May 25, 2018
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‘What do you want from your government?’

By Rosa Scarcelli, Special to the BDN

“Take it down a notch, for America.” So says one of the most, if not the most, influential voices in American politics and culture today. What does it say about the state of our discourse that today’s voice of reason comes to us from a self-described “fake news” anchor on the Comedy Central cable network?

Don’t get me wrong. I’m planning to go to Jon Stewart’s Oct. 30 “Rally to Restore Sanity” on the National Mall in Washington, D.C. As he points out, someone needs to stand up for the rest of us who, well, don’t really feel like standing up right now, thank you.

I count myself as one of those, like Stewart, who thinks it shouldn’t be just those who make the loudest noises that get heard. So allow me to lower my voice, too, and write to you in my everyday speaking tone. I hope you can hear me.

I’ll be the first to acknowledge that we in America, and in Maine, face a substantial list of critical issues that must be resolved quickly in order to put us back on track. Given the urgency of many of these issues, it’s tempting to jump up and down and shout. Tempting, but certainly not necessary, and, I would argue, perhaps more counter to finding real, lasting solutions than the alternative reaction with which we have become wholly unfamiliar: sensible discussion.

So much of what we’re debating is ultimately about what it is we want our government to do for us. Does the shouting from the edges really help the rest of us think clearly while we find the best answer to this complex question?

I think about how issues are resolved every day in the business world: by and large with loads of data, thoughtful analysis and discussion, and very little drama. The key, of course, is action, what happens after the debate is settled and decisions are made.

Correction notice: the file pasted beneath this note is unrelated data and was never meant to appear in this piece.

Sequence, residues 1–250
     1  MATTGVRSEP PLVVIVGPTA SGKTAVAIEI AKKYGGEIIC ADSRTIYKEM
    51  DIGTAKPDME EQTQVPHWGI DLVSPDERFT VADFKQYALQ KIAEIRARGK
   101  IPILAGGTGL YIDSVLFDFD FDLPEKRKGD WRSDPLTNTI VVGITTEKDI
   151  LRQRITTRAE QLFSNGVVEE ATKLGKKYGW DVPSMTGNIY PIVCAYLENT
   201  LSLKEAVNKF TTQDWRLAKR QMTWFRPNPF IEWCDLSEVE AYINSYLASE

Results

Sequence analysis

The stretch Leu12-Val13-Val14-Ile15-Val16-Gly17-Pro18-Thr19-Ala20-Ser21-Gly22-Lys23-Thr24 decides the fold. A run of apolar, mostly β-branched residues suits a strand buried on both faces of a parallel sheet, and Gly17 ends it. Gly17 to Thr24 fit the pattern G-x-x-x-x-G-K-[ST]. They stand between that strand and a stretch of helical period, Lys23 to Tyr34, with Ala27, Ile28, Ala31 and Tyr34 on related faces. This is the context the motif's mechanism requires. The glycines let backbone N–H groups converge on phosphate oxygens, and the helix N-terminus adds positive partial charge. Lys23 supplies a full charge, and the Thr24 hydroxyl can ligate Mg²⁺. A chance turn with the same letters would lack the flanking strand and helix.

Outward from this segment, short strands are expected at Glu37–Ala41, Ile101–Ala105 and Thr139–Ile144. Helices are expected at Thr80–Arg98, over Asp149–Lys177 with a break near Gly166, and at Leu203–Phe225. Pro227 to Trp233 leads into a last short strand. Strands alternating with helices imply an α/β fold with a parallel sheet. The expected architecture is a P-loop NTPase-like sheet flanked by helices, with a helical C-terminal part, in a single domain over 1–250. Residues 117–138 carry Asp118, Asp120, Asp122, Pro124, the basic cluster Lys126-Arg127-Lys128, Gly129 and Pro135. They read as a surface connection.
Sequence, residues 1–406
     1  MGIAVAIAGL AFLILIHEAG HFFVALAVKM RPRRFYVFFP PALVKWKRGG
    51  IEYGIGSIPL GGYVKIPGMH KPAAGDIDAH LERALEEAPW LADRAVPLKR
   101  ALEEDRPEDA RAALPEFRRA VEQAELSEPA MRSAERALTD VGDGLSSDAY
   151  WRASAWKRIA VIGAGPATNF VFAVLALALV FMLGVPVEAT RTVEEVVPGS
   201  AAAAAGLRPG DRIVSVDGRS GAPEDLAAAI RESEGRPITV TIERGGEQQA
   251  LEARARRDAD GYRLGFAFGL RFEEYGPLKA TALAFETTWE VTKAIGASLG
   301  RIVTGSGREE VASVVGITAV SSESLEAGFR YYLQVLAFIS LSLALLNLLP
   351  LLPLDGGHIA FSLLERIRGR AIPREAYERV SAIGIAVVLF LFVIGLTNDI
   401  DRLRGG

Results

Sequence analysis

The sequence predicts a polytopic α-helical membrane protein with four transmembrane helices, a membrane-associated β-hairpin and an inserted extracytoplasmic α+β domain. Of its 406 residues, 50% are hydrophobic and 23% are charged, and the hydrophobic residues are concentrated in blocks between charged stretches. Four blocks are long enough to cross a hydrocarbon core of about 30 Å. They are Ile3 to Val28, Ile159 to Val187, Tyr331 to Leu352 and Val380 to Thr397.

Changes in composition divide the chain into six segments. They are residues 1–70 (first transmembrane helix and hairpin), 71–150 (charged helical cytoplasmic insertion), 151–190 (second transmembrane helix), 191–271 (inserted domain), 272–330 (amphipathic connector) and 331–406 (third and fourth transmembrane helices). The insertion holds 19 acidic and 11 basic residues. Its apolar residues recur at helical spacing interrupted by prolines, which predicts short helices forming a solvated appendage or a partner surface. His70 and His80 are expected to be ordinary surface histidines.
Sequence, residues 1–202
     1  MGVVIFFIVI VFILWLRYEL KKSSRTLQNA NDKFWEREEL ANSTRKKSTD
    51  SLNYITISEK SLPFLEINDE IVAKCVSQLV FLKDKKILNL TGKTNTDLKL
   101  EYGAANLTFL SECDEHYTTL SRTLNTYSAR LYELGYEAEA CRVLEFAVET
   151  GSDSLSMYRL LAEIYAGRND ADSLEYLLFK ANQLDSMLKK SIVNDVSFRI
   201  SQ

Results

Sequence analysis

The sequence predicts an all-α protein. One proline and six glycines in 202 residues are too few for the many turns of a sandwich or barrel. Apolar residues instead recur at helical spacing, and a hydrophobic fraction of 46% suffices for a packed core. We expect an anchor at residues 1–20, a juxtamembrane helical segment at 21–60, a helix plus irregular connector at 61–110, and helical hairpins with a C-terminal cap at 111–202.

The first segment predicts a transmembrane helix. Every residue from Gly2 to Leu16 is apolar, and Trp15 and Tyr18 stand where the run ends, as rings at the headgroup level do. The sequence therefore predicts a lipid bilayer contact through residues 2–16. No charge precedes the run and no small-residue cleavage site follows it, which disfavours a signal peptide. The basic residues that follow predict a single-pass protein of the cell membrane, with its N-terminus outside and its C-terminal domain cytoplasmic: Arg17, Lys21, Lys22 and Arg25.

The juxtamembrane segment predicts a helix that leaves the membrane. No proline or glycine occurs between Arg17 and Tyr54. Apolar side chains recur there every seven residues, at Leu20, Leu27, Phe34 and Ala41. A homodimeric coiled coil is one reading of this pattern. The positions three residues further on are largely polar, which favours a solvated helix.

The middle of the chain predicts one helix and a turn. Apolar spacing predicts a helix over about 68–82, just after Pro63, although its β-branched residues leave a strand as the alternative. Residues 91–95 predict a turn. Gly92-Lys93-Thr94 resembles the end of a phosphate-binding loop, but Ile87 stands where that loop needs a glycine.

Perhaps that’s where we’ve gotten lost. Our faith and trust that government can actually get anything accomplished has fallen into the ever widening partisan divide. That’s fine for the partisans; it gives them even more to protest for or to rail against, but it does little for rest of us. We watch as the actors up on the stage help us confuse ideology with effectiveness.

The age-old dispute between those effectively arguing for either bigger or smaller government is a prime example. I believe what most of us really care about and want is dramatically smarter government, rather than a certain size government.

If we removed all the frustration and blame from the debate, I’d bet we’d all agree far more than we disagree on the fundamental issues at hand. Of course, there will always be genuine, and at times deeply held, differences on some issues, and that’s what makes this country great — by finding the common ground, we can still maintain respectful diversity.

But regardless of whether you sit on the left, the right or in the center, we should all be able to expect our government to deliver measurable value for our tax dollars. In the real world, if you or I have handed over our money for goods or services to a private company, we reasonably expect to get what we paid for. Why should we hold our government to a different standard?

Of course government can’t be run exactly like a business, but we can’t ignore the best lessons of responsible management that business can teach us. The business ideals of best practices, efficiency, innovation, transparency, accountability and thoughtful debate resulting in concrete action are all essential to good government.

The fiscal reality in Maine — that there’s no longer an easy solution available in raising revenue or cutting expenditures — leaves us with little option but to consider a whole new operating system, rather than continuing to fiddle with the software.

Which brings us back to the central question we must answer first before we can solve all the rest: What do you want from your government?

All are welcome to the discussion, but please, bring your indoor voice.

Rosa Scarcelli is CEO of Stanford Management, an affordable housing provider in Maine and three other states. As a Democratic candidate for governor, she gained a strong following in the 2010 primary. To see more, go to

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